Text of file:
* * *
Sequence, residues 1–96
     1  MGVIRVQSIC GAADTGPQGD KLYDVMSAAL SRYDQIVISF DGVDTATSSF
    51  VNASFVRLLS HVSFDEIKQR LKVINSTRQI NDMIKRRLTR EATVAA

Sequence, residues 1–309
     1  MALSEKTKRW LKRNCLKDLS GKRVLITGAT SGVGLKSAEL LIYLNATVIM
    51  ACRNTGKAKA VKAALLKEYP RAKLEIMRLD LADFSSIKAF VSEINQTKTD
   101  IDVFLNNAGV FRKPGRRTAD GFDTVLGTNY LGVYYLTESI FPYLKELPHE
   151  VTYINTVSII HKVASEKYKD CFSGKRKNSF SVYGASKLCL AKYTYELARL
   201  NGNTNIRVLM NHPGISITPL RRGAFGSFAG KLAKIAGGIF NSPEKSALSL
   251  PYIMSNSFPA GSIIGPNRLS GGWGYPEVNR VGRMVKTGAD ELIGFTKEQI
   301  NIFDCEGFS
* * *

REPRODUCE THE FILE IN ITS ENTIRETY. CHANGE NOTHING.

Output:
Sequence, residues 1–96
     1  MGVIRVQSIC GAADTGPQGD KLYDVMSAAL SRYDQIVISF DGVDTATSSF
    51  VNASFVRLLS HVSFDEIKQR LKVINSTRQI NDMIKRRLTR EATVAA

Sequence, residues 1–309
     1  MALSEKTKRW LKRNCLKDLS GKRVLITGAT SGVGLKSAEL LIYLNATVIM
    51  ACRNTGKAKA VKAALLKEYP RAKLEIMRLD LADFSSIKAF VSEINQTKTD
   101  IDVFLNNAGV FRKPGRRTAD GFDTVLGTNY LGVYYLTESI FPYLKELPHE
   151  VTYINTVSII HKVASEKYKD CFSGKRKNSF SVYGASKLCL AKYTYELARL
   201  NGNTNIRVLM NHPGISITPL RRGAFGSFAG KLAKIAGGIF NSPEKSALSL
   251  PYIMSNSFPA GSIIGPNRLS GGWGYPEVNR VGRMVKTGAD ELIGFTKEQI
   301  NIFDCEGFS